Series 4 Invasion

7: The Russian House (June '45), Killing Time (July '45), The Hide (August '45)

6: Plan of Attack (April '44); Broken Souls (October '44); All Clear (May '45)

5: Bleak Midwinter (Dec '42); Casualties of War (March '43)

4: Invasion (April '42); Bad Blood (Aug '42)

Series 4 Invasion

Postby amiga » Sat Apr 20, 2013 3:15 am

Can someone tell me from what part of England the farmer's accent is from in Invasion. Can't remember his character's name. The Americans were taking over his farm to make an airfield.

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Re: Series 4 Invasion

Postby hazeleyes57 » Sat Apr 20, 2013 7:59 am

The actor Keith Barron portrayed the farmer David Barrett. The accent he was using wasn't the usual one we hear from him. He was born in Yorkshire in 1934.
One of his most famous roles was in the 1980's show 'Duty Free', but he's a versatile actor, and has a wide ranging career. Z cars, Randall and Hopkirk (deceased), The New Avengers, Play for Today, A Touch of Frost, etc.

I'm assuming the farm was meant to be in the Kent/Sussex region, but I don't know that accent, so I can't vouch for it's authenticity, but I assume he was aiming for 'country and local', as opposed to a 'townie'.

Anyone on the forum from Kent/Sussex way?
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Re: Series 4 Invasion

Postby amiga » Sat Apr 20, 2013 12:49 pm

I don't know why, but I really like this accent. I've heard Michael do it in some of the audio books. Has kind of a sing-song quality.

I like Keith Barron and have seen him in several things. Wonder why he would have to change his accent as no one else seemed to have it. Don't recall that his neighbors or nephew had the same accent.

Thanks,

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Re: Series 4 Invasion

Postby historianheidi » Sat Apr 20, 2013 6:24 pm

Although I live in Sussex, I don't have a Sussex accent at all and wasn't at all sure what one would sound like (haven't lived here long enough.)

I found this recording of an old Sussex accent on YouTube (the man comes from Battle, which is near Hastings):

http://www.youtube.com/watch?v=rWKWusNNBkQ

To be fair, I think Keith Barron's attempt at it isn't too bad, if that's what he was going for. He's probably the only actor in the history of the show to do so. Presumably it's another way of showing his character's family's historical connection with the place.
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Re: Series 4 Invasion

Postby ayresorchids » Sat Apr 20, 2013 7:27 pm

I always loved the speaking patterns of Mr Neame (Philip Martin Brown), the man long ago in love with Hugh Jackson's wife in "They Fought in the Fields." The way he calls Foyle and Milner "boy" when he tells them the story of how she didn't show up has always been sort of touching to me, for some reason.
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Re: Series 4 Invasion

Postby amiga » Sat Apr 20, 2013 8:04 pm

Keith Barron is from Yorkshire. Could that be the accent he has in Invasion? I'm almost sure I've heard him use the same accent in other shows. I have John Deed, New Tricks and L&O UK....I'll check them out tonight.

Thanks.

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Re: Series 4 Invasion

Postby jewell » Sat Apr 20, 2013 9:03 pm

ayresorchids wrote:I always loved the speaking patterns of Mr Neame (Philip Martin Brown), the man long ago in love with Hugh Jackson's wife in "They Fought in the Fields." The way he calls Foyle and Milner "boy" when he tells them the story of how she didn't show up has always been sort of touching to me, for some reason.

I've always liked it too.

And I've often wondered; is the accent, and in this case the speech mannerisms, the actor's choice? Or the writer's choice? Or a combo?

Perhaps it's just a stage direction, i.e. speaks with a Geordie accent? And the actor takes it from there. Any insight from anyone?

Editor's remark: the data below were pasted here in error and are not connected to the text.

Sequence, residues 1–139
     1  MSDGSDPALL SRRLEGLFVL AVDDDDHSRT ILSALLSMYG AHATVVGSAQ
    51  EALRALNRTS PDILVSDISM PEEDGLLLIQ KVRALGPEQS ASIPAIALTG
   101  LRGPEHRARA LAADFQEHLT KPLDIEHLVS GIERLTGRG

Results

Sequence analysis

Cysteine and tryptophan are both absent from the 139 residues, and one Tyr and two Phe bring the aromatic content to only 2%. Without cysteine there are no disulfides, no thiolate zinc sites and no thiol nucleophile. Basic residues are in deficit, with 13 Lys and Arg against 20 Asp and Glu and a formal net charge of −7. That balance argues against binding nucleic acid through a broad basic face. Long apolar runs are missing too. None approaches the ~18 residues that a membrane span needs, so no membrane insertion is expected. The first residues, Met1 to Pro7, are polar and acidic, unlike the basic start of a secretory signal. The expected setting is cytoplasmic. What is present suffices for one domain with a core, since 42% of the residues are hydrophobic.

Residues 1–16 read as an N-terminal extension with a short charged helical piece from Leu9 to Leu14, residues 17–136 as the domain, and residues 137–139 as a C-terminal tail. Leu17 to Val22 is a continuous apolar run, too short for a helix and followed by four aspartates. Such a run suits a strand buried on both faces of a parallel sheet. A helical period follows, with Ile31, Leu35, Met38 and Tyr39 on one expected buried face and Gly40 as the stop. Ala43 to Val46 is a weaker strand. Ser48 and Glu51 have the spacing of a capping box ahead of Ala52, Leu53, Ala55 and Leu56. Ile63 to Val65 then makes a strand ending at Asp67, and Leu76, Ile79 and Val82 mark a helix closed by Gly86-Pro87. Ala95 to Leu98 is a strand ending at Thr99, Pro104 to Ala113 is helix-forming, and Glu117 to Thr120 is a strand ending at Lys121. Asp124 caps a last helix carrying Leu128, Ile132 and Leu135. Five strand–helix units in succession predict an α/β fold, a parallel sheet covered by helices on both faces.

Jewell

Lynne, I used "Geordie" in my example especially for you. :foyle1:
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Re: Series 4 Invasion

Postby Lynnedean » Sat Apr 20, 2013 11:15 pm

jewell wrote:Lynne, I used "Geordie" in my example especially for you. :foyle1:

:D

In many a case, a particular accent will be dictated by the script, e.g. the character Owen Springer in Reckless was from the North East of England so Robson Green was able to use his own accent for that part. (Sheer coincidence that my example is that of a Geordie!) Where a region isn't specified for a character or the setting in general, I imagine that the accent used will be decided between the actor and director.

As to what accent Keith Barron was using, it beats me. I can remember thinking when I first saw the episode that it sounded rather odd. If it was actually a good Hastings accent, I apologise to both Mr B and Hastings!

I do hope Michael Kitchen never plays the part of someone from Tyneside, because I don't think British regional accents are his thing, and I shudder to think what he'd do with mine!
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Re: Series 4 Invasion

Postby ayresorchids » Sun Apr 21, 2013 1:21 pm

I have a similar problem, Lynne, with the lovely voice of Alan Rickman. As much as I admire him, I know as a native of Alabama that his turns as a Louisiana detective and a Georgia-born Tennessee doctor are not as convincing as they could be!

The closest I've come to hearing Mr Kitchen speak with an American accent is a few lines from American characters in the audiobook Archangel. He does ok; nothing distracting, anyway.

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Re: Series 4 Invasion

Postby amiga » Sun Apr 21, 2013 2:32 pm

Thanks, everyone.

Thought Keith Barron's accent in Invasion would be easy to identify since it's so specific, to me anyway. Guess not! I googled the question and this was the only comment I could pull up "...thought the otherwise reliable Keith Barron was having a slightly iffy time with an occasionally wayward accent." That seems to be in line with what you all have been saying.

I know I heard Michael use something similar for a character in an audio book, but can't remember which one.... Might have been Closing Ranks.

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Re: Series 4 Invasion

Postby dickb » Fri Apr 11, 2014 3:14 pm

Definitely NOT Sussex. I'm Sussex bred, and you'd never hear "Get off my laaaaaaaaaaaand" down there. I think what Mr Barron is using is what actors refer to as Mummerset, which is a mixture of all kinds of regional accents, and probably owes more to The Archers than real life !